[LAD] Audio effects on Android

Stefano D'Angelo zanga.mail at gmail.com
Tue Mar 1 12:53:37 UTC 2011

2011/2/28 Olivier Guilyardi <list at samalyse.com>:
> (split from: RDF libraries, was Re: [ANN] IR: LV2 Convolution Reverb)
> On 02/27/2011 02:13 PM, Stefano D'Angelo wrote:
>> 2011/2/27 Giuseppe Zompatori <siliconjoe at gmail.com>:
>>> 2011/2/27 Stefano D'Angelo <zanga.mail at gmail.com>:
>>>> In the FAQ they say it's actually some sort of preamp... but well, I
>>>> can't provide hardware anyway.
>>> I was merely pointing it out as I don't think there is currently any
>>> other way to do it.
>>> Connecting the guitar directly to the phone with a simple plug adapter
>>> would probably sound meh.
> I've had several users report success in using various microphones plugged into
> their Android device, with these adapters:
> https://www.kvconnection.com/Articles.asp?ID=165
> I haven't tested that, but I think that it should work with a guitar.

Ok, good to know. I own no Android devices, so I can only trust what
you say. :-)

>>>> I don't even know if I would charge for such plug-ins and/or release
>>>> them as closed source. Ideally, I would release them under GPL and
>>>> accept donations, but have no idea really. Actually there are a couple
>>>> of plug-ins I could really charge for since they are really beyond
>>>> state of the art and suitable for scientific publications (indeed,
>>>> that's why I'm developing them). They are physics-based simulators: a
>>>> fully parametric tube amp + eq + output transformer + loudspeaker +
>>>> air impedance, and a couple of diode clippers (one is
>>>> tubescreamer-like) - still some pieces are missing at the moment (new
>>>> triode model in the making, oversampling not yet in place, opamp model
>>>> not yet serious).
> This is entirely up to you of course, but I think that there are some
> compromises. I am not sure that it would work in this case, but for example, one
> could consider releasing an LV2 plugin under the GPL, and make a paid version
> for Android which includes a nice UI. Fancy UIs can involve costs, such as
> working with a professional designer, etc..

Well, first I would release them for the desktop anyway, then we would
need a LV2 host on Android and at the end I could consider doing so.

>>> And I would prefer GPL'ed plug-ins and be willing to donate, I don't
>>> think there are many options right now on Linux, I dislike rakarrack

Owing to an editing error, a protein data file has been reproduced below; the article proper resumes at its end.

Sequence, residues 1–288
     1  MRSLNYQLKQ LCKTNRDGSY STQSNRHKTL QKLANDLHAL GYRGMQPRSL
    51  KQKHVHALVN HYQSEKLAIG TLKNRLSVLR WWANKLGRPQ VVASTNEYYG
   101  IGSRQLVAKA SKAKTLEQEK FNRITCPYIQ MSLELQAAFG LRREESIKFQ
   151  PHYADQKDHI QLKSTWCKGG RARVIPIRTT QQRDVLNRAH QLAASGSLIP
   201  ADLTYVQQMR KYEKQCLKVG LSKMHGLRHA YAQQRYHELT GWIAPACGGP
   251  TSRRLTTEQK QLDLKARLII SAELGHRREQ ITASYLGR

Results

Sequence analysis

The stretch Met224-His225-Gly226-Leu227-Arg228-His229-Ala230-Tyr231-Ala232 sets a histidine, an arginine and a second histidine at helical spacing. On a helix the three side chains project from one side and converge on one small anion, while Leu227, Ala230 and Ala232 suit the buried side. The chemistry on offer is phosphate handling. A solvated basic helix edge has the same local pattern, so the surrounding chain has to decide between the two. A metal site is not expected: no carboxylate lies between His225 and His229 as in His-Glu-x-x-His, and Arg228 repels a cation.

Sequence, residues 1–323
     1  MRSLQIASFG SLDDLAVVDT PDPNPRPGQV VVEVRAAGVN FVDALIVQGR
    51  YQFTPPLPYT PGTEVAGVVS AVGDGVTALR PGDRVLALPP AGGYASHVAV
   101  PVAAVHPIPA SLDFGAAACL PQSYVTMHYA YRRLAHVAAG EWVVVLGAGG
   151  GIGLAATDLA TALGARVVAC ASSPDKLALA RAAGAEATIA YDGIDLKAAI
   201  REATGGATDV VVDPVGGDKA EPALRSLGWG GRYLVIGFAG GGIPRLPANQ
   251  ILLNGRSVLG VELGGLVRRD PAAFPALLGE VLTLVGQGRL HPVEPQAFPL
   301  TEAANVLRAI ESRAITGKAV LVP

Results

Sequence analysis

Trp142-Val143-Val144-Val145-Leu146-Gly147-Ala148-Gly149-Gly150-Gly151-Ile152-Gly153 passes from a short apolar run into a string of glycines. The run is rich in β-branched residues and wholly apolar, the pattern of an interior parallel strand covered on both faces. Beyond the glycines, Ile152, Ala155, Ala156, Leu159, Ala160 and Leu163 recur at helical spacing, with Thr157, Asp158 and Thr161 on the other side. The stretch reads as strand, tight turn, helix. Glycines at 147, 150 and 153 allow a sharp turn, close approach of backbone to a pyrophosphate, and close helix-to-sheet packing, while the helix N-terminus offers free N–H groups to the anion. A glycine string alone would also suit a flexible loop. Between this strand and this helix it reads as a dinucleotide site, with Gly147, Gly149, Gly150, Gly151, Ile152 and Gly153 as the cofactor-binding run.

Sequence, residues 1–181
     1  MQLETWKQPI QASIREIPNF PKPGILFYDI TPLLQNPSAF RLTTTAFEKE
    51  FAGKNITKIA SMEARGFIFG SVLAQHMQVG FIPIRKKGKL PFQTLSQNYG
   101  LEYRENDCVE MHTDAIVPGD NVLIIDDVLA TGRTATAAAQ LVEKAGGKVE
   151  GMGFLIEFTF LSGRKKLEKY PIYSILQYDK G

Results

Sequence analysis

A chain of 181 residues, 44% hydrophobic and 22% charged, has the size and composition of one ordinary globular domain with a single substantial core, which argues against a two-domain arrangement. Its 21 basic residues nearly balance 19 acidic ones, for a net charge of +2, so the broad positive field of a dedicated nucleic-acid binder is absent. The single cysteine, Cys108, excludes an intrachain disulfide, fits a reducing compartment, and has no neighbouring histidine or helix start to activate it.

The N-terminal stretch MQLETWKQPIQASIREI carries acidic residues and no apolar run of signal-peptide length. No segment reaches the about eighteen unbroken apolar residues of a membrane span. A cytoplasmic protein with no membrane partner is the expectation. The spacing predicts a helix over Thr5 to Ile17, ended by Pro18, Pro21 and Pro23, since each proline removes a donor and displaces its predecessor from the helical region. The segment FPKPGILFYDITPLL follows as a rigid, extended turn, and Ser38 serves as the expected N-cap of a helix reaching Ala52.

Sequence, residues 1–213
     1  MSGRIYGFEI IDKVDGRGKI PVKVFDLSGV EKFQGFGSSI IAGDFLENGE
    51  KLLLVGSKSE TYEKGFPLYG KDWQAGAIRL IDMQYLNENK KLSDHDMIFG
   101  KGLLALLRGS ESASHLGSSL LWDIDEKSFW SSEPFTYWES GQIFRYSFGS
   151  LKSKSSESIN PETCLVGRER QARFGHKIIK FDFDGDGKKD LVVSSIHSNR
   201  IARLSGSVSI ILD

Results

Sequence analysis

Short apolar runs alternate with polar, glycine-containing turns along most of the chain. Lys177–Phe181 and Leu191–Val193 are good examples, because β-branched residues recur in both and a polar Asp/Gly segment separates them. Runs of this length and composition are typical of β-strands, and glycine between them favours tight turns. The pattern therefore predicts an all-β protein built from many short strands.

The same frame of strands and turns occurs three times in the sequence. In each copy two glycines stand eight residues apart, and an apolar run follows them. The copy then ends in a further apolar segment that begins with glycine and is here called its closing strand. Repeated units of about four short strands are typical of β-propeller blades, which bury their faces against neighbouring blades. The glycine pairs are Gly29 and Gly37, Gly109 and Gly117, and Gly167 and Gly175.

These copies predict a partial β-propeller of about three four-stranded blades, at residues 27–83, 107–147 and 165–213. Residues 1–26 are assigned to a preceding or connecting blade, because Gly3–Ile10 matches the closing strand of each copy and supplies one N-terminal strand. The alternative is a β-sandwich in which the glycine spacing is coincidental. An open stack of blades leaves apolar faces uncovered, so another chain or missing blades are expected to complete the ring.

>>> and guitar_ix, and find CAPS* so so.
> Some app developers accept donations. It's even the case of some of the most
> popular Android music apps. They usually release the app freely, and they have
> another paid "app" which actually provides nothing but a way to donate.

I don't know if it would work in this case, but that is an option, sure.

>> Well, they say guitarix has improved, yet the last time I was all but
>> satisfied with it. You may want to take a look at invada plugins, if
>> you haven't already.
> So far, I've had my intern select more "generic" effects, such as reverb,
> compression, delays, etc.. It needs some more work on the guitar side.

There should be plenty of such effects in either LADSPA or LV2 format.
However, in case of need, you can ask me to write some (especially if
you have money to spend :-P, but not necessarily).

>>>> However, correct me if I am wrong, I don't think most Android
>>>> platforms would be suitable for live processing (latency), but only
>>>> for recording (what about quality?).
> Latency is terrible. Expect about 100ms for input and for output as well.


> This
> situation is one the main reasons why we created the Andraudio mailing list [1],
> dedicated to audio development on Android, but also possible audio stack
> patching/improvement.

News on the subject are very welcome (perhaps I should subscribe to the ml?)

> In the current situation, applying effects in realtime isn't possible on Android
> because of such latencies. But it's of course possible for post-processing, and
> that's what I'm working on.
> The quality can be rather good. It's nothing like desktop gear, but it's ok for
> composing on the go, to catch ideas whenever/wherever they come from, record a
> piece of guitar, add some effect, and send it right away to your band...

Ok. At least now I know what are the possible use cases.

Best regards,


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